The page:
The objective of this work was to register and document the traditional knowledge of plant resources used in ethnoveterinary practices in Kendrapara district of Odisha, India. Investigation was carried out in the interior of the district, to explore the therapeutic uses of plants by local inhabitants. Information was collected using structured questionnaires, complemented by unstructured interviews and informal conversations with traditional healers, elderly people and farmers. Samples of plants that were reported to have medicinal value were collected and identified by botanical classification. Fifty five plant species, distributed among 34 families, were indicated for 27 different medicinal uses. The family Solanaceae had the largest number of reported species followed by Mimosaceae, Fabaceae and Apocynaceae. Prominent diseases treated by plant remedies were wounds, diarrhea, constipation, snake bite, skin ailments and rheumatism. Leaves were more commonly utilized for the preparation of ethnoveterinary medicine than other plant parts. The knowledge of traditional healers, and other experienced elderly people should be tapped to gather information on these practices so that it gets documented for the benefit of future generations. The present study contributed to the construction of an inventory of ethnoveterinary plants, which might provides a better database for future scientific validation studies.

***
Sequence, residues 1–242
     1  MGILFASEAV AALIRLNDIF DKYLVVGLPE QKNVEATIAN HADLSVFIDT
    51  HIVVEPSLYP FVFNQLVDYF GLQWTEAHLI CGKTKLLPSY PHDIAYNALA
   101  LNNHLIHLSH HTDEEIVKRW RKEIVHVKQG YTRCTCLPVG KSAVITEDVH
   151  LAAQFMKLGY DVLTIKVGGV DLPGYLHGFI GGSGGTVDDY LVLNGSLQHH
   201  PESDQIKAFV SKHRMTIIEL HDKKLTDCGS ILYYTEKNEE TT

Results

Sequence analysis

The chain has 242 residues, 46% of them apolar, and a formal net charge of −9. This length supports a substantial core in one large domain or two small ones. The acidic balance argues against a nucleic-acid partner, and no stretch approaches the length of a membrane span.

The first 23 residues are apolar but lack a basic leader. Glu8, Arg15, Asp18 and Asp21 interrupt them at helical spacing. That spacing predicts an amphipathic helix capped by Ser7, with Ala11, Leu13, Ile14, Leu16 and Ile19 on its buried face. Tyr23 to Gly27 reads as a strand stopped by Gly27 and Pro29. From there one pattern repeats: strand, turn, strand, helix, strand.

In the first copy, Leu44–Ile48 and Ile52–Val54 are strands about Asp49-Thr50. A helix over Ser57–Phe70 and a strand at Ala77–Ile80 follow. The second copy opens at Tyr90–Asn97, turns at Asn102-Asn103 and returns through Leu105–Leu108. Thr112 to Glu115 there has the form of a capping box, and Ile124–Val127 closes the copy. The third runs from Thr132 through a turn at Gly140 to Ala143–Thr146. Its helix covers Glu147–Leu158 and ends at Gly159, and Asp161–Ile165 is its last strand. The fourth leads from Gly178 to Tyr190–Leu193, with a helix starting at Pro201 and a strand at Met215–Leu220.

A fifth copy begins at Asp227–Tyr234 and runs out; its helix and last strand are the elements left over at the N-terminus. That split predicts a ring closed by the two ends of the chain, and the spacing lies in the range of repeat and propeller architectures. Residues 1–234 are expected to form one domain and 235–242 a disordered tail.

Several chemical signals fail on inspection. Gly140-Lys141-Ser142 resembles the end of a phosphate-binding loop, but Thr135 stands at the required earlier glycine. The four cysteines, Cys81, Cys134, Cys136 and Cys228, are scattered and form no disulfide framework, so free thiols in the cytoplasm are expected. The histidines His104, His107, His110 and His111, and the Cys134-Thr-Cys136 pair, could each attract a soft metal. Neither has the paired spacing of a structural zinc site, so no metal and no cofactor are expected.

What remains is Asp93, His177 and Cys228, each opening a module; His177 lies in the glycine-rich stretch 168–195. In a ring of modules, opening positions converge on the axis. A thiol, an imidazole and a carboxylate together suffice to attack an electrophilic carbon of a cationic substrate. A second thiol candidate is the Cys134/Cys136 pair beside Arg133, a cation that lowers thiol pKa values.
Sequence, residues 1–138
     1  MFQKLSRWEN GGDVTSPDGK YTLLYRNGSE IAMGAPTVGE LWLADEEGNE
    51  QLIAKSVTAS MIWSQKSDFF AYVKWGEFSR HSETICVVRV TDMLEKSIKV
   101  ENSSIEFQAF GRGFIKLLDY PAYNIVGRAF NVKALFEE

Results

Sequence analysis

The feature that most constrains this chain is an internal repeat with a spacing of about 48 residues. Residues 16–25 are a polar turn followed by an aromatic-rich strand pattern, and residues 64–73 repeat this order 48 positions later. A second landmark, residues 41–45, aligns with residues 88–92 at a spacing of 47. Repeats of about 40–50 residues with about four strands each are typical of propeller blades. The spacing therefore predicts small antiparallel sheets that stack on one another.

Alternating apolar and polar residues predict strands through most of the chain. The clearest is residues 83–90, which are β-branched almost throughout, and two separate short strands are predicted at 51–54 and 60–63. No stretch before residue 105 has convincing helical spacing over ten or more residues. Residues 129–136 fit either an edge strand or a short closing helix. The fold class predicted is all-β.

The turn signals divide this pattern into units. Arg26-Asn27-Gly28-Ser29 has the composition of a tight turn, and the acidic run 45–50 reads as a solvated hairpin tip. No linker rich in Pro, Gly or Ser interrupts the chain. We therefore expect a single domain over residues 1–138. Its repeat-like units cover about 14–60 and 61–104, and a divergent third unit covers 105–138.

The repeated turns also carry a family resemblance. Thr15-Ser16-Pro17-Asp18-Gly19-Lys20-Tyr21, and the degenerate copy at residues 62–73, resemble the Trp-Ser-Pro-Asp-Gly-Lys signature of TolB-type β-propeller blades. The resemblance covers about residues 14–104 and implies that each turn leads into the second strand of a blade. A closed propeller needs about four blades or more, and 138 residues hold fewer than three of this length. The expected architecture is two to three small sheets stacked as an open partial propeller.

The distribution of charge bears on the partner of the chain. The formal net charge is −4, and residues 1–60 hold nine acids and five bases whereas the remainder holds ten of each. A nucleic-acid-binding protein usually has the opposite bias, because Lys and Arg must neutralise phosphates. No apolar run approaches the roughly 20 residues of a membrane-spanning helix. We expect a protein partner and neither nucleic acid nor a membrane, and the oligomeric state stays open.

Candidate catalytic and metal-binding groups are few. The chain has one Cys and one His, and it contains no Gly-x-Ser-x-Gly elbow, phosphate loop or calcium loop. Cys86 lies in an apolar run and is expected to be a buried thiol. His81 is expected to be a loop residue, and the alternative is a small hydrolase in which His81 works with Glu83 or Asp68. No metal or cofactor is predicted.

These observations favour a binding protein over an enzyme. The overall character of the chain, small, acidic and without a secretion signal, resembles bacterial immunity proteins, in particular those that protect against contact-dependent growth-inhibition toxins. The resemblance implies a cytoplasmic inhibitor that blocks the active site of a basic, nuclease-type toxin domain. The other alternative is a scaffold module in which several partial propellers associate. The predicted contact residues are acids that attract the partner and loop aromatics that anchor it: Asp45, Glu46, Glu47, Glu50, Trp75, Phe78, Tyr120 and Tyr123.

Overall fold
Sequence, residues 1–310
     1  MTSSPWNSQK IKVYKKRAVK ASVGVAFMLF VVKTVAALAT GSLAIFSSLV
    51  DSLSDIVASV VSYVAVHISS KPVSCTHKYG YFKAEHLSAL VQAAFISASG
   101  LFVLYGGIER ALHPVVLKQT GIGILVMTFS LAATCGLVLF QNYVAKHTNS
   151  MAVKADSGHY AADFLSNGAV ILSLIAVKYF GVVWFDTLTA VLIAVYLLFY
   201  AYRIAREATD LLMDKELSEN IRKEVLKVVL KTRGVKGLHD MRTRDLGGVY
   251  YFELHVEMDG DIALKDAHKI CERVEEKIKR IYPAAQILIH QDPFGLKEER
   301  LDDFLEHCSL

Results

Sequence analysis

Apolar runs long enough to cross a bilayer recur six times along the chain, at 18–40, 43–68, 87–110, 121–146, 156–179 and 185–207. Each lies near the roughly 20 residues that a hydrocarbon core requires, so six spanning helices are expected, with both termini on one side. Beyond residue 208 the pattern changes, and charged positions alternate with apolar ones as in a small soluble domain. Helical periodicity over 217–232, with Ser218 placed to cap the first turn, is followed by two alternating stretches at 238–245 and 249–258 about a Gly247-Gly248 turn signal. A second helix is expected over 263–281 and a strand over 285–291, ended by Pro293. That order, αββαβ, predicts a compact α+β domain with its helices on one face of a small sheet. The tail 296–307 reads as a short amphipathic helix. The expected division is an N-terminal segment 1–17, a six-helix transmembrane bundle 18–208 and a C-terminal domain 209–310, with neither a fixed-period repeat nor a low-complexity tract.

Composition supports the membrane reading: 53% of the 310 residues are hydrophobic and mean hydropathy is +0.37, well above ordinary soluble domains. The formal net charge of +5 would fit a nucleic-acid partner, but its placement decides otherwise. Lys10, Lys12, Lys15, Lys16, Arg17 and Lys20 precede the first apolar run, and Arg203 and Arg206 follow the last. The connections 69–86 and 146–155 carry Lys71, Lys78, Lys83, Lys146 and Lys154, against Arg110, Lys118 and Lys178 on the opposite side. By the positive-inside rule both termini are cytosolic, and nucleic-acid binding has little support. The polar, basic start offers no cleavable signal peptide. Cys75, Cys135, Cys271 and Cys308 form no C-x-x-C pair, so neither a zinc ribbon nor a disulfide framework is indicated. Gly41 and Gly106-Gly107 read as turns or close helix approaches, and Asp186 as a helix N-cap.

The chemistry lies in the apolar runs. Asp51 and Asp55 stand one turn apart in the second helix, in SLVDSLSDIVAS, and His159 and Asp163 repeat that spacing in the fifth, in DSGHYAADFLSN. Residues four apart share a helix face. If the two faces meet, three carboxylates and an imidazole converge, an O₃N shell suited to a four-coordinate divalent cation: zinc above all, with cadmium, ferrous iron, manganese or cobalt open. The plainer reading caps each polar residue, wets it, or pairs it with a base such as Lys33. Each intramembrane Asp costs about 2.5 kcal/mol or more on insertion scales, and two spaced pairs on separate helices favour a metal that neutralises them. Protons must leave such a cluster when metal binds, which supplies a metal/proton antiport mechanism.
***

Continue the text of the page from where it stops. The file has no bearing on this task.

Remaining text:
International Letters of Natural Sciences (Volume 53)
T. Panda and N. Mishra, "Indigenous Knowledge on Animal Health Care Practices in Kendrapara District of Odisha, India", International Letters of Natural Sciences, Vol. 53, pp. 10-27, 2016